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You have to mark up Bill Kitson as a prolific writer. Within the space of only two and a half years Robert Hale has published five novels in his Detective Inspector Mike Nash series. A sixth, Identity Crisis, is due in May 2012. Kitson has built a loyal and growing following, so what does the series offer and Back-Slash in particular?
If you are tormented by the abundance of contemporary crime novels that invoke violence to the extent they verge on the horror genre, then Kitson’s series may be one for you. The Mike Nash novels are contemporary police procedurals set in north Yorkshire, much in the tradition of Colin Dexter’s Morse and R D Wingfield’s Frost, and with a setting true to its heart. Back-Slash opens with a troublesome backstory: a woman is killed in a car park in 1999 and the following year sees her husband, Alan Marshall convicted of her murder. But by 2006 the verdict is set aside by the Court of Appeal following the presentation of findings of inconsistencies in the original evidence.
DI Mike Nash’s immediate problem in the policing of his area is the lack of available staff due to a rampant flu bug over the festive season. DC Lisa Andrews is called back from an attachment to Yorkshire Central and receives a call out to a case on arrival at Helmsdale. Andrews is sidetracked by the apparent dangerous driving of a Land Rover on her way, only to discover a seriously injured man at the wheel, following an accident with a chainsaw. However, her connection is not severed when she leaves him safely at the hospital, for the following morning she learns that the hospital can find no trace of him in NHS records based on the identity details provided via his vehicle registration. The Mr Myers in the hospital bed eventually agrees to explain his chosen anonymity to Andrews when he leaves the hospital.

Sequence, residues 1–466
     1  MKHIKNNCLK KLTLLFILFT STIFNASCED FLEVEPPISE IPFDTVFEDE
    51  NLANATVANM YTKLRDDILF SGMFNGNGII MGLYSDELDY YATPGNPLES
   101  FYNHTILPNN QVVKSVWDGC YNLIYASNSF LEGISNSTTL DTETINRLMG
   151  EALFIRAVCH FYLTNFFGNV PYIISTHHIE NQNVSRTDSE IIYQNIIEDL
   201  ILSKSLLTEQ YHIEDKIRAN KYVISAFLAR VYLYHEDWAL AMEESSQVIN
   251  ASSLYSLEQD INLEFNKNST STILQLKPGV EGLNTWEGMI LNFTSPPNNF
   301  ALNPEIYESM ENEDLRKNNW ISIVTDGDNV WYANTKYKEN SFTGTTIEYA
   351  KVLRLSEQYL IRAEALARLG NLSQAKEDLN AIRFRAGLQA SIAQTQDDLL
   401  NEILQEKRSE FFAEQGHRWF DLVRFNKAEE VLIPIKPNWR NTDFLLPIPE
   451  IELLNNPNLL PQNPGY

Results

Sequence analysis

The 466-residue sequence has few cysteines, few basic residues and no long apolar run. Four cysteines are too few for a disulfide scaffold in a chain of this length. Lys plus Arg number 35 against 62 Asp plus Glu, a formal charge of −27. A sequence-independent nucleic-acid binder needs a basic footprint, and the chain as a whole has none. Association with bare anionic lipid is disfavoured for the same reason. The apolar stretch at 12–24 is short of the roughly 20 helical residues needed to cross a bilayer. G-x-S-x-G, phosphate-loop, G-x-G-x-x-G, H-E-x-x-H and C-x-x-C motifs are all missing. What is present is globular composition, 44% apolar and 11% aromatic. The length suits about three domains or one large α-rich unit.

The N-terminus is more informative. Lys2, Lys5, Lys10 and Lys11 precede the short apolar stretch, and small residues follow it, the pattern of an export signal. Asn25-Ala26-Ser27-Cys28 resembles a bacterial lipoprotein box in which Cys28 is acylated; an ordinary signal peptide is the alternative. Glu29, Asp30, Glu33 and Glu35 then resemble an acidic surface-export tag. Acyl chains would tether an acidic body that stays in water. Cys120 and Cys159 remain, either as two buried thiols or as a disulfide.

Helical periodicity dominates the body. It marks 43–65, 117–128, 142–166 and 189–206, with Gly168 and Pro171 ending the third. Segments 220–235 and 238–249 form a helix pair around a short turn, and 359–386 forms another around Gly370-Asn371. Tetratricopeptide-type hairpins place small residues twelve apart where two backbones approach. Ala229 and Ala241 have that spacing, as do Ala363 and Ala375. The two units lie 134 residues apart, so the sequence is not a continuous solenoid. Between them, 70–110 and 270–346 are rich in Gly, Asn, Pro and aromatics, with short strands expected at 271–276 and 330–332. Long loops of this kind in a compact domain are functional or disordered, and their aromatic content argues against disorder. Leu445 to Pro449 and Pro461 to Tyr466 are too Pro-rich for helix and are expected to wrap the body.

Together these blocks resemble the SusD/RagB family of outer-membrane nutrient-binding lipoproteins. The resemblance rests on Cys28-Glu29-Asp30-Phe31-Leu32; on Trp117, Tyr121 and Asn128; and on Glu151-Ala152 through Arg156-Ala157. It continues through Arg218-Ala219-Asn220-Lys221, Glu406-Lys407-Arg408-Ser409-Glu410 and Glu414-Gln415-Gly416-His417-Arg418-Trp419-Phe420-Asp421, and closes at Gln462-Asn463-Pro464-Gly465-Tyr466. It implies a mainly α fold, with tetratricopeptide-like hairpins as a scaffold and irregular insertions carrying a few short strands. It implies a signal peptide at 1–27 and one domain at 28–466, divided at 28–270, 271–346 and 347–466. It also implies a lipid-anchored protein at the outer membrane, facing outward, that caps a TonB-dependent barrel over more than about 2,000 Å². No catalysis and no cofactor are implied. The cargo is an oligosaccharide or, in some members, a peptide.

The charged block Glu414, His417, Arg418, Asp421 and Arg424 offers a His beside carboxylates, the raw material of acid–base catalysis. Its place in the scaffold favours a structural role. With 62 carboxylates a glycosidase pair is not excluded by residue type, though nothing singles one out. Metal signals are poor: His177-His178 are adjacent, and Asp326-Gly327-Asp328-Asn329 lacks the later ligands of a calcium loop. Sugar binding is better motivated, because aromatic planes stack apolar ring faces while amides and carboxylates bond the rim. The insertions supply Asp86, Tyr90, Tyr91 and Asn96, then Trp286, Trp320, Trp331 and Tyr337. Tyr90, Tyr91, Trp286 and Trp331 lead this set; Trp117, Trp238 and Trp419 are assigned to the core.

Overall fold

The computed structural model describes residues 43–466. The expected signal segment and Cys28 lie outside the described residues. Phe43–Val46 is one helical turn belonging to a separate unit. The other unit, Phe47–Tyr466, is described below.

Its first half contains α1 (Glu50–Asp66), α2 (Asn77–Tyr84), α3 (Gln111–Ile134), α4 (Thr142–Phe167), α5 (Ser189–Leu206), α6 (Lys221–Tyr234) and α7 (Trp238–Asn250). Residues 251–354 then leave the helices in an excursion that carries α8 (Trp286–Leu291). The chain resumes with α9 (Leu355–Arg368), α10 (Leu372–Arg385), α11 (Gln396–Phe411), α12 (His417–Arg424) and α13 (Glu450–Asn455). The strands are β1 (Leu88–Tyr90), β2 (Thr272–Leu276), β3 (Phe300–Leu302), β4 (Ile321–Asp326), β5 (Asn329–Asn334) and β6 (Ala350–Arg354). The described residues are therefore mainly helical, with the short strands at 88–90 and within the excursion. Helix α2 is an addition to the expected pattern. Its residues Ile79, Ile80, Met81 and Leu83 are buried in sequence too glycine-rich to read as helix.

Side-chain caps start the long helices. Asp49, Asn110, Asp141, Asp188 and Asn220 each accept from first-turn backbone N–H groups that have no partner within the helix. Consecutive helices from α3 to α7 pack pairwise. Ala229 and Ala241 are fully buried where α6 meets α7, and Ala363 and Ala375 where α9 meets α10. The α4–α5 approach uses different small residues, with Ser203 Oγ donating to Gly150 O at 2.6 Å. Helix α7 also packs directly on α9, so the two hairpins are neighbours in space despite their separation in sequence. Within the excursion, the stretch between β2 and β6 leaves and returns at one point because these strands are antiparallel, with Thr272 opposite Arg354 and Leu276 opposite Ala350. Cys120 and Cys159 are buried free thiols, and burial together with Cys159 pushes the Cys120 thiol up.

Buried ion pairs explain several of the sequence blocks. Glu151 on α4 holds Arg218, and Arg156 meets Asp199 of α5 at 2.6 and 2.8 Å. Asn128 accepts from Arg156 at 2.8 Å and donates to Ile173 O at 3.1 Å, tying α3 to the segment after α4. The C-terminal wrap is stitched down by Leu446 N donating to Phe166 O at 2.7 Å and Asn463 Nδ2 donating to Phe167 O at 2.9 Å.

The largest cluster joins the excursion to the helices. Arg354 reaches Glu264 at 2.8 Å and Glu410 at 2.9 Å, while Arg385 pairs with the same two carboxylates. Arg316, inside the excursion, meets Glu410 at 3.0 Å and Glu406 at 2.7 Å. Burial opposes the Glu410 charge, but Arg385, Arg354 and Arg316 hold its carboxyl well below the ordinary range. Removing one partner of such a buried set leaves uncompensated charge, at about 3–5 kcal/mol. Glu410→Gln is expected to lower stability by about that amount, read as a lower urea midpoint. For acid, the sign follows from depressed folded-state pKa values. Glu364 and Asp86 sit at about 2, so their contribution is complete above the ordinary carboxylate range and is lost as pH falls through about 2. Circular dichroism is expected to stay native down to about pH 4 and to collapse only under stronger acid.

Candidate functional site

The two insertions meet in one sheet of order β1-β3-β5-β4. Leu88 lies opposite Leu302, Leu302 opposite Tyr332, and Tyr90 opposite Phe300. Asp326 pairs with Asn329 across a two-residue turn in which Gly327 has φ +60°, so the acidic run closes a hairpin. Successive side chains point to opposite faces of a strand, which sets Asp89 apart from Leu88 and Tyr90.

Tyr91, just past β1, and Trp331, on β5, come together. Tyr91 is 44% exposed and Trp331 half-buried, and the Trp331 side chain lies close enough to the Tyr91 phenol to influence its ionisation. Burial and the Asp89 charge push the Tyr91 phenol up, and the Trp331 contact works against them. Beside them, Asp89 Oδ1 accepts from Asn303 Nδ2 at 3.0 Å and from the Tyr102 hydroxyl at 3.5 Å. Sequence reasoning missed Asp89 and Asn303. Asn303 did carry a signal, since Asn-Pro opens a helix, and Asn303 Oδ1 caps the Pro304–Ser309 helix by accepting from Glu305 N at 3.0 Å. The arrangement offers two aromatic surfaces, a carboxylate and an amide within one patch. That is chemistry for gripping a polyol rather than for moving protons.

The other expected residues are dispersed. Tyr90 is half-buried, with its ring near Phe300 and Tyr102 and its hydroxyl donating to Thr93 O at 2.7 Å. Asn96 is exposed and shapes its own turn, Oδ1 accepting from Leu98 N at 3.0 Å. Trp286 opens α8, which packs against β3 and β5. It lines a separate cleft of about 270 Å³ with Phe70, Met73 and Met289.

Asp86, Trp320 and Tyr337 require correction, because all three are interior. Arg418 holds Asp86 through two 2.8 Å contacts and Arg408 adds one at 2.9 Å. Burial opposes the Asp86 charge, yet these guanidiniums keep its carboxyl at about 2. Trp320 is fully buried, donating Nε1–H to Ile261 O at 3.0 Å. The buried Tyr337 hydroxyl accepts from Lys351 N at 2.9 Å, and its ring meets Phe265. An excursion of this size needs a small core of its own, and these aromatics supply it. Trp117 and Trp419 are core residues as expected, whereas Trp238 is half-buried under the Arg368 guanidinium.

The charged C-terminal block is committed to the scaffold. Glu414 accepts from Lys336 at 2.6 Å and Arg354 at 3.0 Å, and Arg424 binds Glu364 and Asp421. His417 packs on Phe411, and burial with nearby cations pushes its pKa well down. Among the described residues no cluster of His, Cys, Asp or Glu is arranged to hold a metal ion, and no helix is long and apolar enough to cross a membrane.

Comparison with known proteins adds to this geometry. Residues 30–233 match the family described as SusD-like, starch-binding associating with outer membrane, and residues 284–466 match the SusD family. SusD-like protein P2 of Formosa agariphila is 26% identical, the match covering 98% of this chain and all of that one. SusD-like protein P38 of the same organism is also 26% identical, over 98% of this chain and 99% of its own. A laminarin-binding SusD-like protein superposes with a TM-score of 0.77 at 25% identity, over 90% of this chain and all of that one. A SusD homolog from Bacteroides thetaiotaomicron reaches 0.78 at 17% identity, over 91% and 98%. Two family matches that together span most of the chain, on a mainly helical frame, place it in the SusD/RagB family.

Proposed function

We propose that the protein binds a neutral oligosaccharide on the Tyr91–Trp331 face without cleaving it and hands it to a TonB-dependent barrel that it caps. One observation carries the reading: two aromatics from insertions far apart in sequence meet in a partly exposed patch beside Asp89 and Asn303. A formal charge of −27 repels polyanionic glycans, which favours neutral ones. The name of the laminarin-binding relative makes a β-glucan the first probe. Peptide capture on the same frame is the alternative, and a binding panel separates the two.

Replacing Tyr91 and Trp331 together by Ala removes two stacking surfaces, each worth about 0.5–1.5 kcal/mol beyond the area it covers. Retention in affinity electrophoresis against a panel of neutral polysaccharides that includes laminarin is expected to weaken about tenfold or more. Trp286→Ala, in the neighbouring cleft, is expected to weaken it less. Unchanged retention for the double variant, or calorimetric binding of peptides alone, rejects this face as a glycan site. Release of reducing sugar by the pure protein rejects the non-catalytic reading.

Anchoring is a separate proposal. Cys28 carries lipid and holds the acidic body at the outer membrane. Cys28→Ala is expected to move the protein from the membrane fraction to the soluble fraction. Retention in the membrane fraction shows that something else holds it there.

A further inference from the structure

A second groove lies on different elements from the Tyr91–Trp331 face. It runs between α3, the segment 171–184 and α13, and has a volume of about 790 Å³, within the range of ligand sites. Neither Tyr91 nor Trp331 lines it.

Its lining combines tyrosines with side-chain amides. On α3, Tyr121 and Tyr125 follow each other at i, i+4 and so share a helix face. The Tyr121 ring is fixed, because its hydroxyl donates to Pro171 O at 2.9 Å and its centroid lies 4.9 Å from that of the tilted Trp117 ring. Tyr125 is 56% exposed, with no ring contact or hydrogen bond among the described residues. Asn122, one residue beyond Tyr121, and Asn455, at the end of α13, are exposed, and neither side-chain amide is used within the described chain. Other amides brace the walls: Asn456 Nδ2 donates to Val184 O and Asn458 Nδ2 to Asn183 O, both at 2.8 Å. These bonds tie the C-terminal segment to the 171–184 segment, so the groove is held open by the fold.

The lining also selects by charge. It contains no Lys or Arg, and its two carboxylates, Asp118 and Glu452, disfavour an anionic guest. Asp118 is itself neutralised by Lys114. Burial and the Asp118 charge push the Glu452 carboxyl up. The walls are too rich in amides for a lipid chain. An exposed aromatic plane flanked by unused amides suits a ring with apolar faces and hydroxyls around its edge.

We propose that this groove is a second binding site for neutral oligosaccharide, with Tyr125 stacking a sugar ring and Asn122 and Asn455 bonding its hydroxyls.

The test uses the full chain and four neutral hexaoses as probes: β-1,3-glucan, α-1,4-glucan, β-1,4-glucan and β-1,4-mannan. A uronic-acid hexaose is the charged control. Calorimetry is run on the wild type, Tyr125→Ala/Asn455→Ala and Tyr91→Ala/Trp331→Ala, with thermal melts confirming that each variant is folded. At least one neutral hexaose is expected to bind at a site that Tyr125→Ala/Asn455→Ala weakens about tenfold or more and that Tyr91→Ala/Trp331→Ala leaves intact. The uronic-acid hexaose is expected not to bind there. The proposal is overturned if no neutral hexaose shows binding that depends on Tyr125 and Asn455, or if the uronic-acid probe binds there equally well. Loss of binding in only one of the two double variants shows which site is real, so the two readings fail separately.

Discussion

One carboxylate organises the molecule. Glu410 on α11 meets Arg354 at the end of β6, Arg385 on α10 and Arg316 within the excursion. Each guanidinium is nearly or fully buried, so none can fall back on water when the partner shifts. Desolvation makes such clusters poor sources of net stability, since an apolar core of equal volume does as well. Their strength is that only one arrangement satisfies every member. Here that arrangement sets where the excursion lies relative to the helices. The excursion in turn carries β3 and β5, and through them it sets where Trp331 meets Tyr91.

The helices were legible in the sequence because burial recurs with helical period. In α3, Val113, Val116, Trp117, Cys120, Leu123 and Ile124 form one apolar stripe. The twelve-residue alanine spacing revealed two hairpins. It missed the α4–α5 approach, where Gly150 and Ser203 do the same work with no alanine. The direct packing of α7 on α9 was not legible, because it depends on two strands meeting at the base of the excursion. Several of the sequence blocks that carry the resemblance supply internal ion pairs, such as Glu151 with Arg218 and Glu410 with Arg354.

Following New Year’s Eve celebrations, a Leeds couple is found in their suite at The Golden Bear: both with their throats cut. DC Andrews finds her connection to Mr Myers continues when he is linked to the murders and, under the direction of DI Mike Nash, it takes some unexpected and unorthodox turns in the ensuing investigation…
Interspersed with occasional telephone dialogues between a ‘Mr Jones’ and a ‘Mr Brown’, it is obvious that a hit man is contracted to protect the economic interests of major project. Back-Slash’s plot then enters the arena of greed and fraud in property deals and local government, and it’s a tightly plotted novel. For a main protagonist, DI Mike Nash takes a bit of a back seat in this novel, bringing DC Andrews to the fore. Neither is Andrews the only strong female character in Back-Slash, with Nash at the behest of a female boss who is to police management what Tesco’s demographic stocking plans and logistics are to supermarket distribution and sales. Where Nash may not be a maverick copper per se, he is prepared to think creatively in his investigation and employ a ‘maverick’ approach. Back-Slash plays out a fine tune in this aspect which forms a great twist.
Kitson also deserves applause with Back-Slash for his depiction of a man’s (or woman’s) relationship to his (her) dog. Expect your emotions to be prodded in more ways than one here.
Robert Hale is mainly a publisher of books for libraries in the UK. Thus you will find Kitson on your local libraries’ shelves, but Back-Slash can also be purchased in HB format from Amazon. Previous novels Depth of Despair and Chosen are available from Amazon in Kindle format.
Kitson’s Nash series continues in the tradition of police procedurals that feed from the trough of realism over horror. If that’s what you seek, you will find it here, plus a bevy of creative twists and creative police investigation techniques in the plotting. Back-Slash provides a satisfying and enjoyable read on all those fronts, plus a big ‘thumbs up’ to women depicted as strong characters and not victims only.